The brain is indeed a target for treating ALS (amyotrophic lateral sclerosis), Northwestern Medicine scientists have discovered. This flips a long-standing belief that the disease starts in the spinal motor neurons and any therapy would need to target the spine as the key focus.
A new Northwestern study shows the degeneration of brain motor neurons (the nerve cells in the brain that control movement of the limbs) is not merely a byproduct of the spinal motor neuron degeneration, as had been previously thought. The study was conducted in two mouse models of ALS that represent 90% of all ALS pathologies.
ALS is a swift and fatal neurodegenerative disease that paralyzes its victims.
Upper motor neuron diseases, such as ALS, hereditary spastic paraplegia and primary lateral sclerosis affect more than 250,000 people a year in the U.S. alone. There is no cure and no effective long-term treatment strategy.
This is the first study to clearly reveal the brain motor neuron degeneration is not a consequence of spinal motor neuron degeneration but is independent of the spinal motor neuron degeneration.
The research also is the first to show that the gene UCHL1 is important for maintaining the health of brain motor neurons that are diseased due to two independent underlying causes. One is the accumulation of badly folded proteins and the other is the accumulation of sticky protein clumps inside the cells. These problems are observed in more than 90% of all ALS cases and also in other cases of upper motor neuron diseases.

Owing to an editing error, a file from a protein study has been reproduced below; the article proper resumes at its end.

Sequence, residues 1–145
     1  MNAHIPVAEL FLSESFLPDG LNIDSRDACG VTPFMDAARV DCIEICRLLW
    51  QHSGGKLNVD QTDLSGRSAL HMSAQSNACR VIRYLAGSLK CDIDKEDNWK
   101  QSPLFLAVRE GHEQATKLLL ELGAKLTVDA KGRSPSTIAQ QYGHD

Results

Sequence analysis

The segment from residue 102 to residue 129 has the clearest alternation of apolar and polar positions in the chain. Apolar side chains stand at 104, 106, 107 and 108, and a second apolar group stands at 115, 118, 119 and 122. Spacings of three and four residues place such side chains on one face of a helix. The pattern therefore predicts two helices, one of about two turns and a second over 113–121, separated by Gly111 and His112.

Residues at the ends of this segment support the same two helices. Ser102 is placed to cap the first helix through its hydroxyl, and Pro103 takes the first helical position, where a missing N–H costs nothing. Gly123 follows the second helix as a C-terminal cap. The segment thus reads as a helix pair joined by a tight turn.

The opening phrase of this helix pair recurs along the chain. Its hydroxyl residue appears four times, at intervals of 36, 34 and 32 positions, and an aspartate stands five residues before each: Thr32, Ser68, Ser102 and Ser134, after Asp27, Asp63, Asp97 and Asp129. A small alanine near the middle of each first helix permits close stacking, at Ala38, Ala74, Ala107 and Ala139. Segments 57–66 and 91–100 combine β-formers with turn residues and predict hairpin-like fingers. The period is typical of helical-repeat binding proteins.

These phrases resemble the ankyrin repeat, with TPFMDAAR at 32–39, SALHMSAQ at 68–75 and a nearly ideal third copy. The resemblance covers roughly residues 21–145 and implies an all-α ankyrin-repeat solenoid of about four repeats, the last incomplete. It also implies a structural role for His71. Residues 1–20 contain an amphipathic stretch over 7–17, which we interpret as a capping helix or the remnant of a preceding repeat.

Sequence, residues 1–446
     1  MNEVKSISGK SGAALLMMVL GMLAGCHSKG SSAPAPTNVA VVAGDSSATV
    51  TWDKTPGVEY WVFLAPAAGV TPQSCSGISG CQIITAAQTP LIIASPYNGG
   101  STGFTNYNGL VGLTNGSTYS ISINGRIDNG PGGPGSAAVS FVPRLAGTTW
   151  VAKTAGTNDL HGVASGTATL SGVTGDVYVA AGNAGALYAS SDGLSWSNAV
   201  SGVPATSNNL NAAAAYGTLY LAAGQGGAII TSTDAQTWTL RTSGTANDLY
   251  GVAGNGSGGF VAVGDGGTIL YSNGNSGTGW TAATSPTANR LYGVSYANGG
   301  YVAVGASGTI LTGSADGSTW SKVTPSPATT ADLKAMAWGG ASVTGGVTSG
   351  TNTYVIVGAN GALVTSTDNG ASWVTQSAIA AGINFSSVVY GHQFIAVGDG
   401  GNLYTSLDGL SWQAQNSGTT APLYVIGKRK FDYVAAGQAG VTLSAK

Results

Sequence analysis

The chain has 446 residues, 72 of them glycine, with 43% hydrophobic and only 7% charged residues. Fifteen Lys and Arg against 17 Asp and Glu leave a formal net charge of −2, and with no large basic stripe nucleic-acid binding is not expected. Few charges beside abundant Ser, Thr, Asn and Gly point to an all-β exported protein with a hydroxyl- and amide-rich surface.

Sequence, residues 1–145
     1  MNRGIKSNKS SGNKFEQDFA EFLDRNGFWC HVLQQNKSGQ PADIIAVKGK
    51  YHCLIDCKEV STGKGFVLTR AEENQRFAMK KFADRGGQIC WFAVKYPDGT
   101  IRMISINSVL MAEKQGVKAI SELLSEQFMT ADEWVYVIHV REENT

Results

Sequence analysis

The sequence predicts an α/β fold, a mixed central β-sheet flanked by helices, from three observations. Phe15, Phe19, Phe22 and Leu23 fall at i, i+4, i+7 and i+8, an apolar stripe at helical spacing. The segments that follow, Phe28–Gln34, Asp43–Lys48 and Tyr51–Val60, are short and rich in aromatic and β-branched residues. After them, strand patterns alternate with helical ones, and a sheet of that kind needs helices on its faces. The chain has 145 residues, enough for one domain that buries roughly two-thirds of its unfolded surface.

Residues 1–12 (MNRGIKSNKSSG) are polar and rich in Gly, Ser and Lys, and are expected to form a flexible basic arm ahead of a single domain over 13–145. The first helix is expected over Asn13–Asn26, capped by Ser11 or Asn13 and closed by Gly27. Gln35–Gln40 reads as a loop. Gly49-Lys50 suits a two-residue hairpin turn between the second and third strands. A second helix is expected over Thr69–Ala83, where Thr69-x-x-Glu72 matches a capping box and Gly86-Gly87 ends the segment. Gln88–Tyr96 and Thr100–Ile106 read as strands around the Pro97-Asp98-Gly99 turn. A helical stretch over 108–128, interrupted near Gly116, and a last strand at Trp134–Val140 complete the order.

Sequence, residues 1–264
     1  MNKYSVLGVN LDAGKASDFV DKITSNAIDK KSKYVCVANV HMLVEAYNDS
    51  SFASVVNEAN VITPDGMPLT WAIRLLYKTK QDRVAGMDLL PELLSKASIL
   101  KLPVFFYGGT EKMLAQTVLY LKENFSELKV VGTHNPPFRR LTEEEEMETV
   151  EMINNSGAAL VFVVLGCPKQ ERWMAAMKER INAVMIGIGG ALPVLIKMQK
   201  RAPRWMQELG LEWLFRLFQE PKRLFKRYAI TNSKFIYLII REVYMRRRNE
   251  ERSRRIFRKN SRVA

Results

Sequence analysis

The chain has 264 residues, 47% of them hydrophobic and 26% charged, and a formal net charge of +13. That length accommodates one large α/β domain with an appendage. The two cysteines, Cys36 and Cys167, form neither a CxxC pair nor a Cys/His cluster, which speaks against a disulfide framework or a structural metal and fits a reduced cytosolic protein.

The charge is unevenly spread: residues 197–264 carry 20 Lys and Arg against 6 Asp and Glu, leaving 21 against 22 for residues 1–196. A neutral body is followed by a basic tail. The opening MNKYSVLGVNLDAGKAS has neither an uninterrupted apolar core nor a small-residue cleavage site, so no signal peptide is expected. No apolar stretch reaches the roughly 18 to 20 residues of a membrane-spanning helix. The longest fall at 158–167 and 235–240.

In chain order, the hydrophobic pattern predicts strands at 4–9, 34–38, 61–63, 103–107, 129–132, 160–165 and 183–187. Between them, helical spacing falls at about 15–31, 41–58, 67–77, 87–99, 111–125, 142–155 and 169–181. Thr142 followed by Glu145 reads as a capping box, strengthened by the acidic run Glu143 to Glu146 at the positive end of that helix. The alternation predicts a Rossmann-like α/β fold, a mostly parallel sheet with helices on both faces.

Northwestern University scientists have previously identified NU-9, the first experimental compound that eliminates the ongoing degeneration of upper motor neurons that become diseased and are a key contributor to ALS. Now, this study reveals the importance and significance of treating upper motor neurons in ALS and identifies the first genetic target.
The next step is to determine the best dose and the best site of injection with respect to improvement of movement and reduction of disease conditions in at least two different ALS disease models. After preclinical toxicology studies, scientists will move to translate these results into a clinical trial, a process that likely will take several years.
The paper was published Dec. 2 in Nature Gene Therapy.
Release date: 03 December 2021
Source: Northwestern University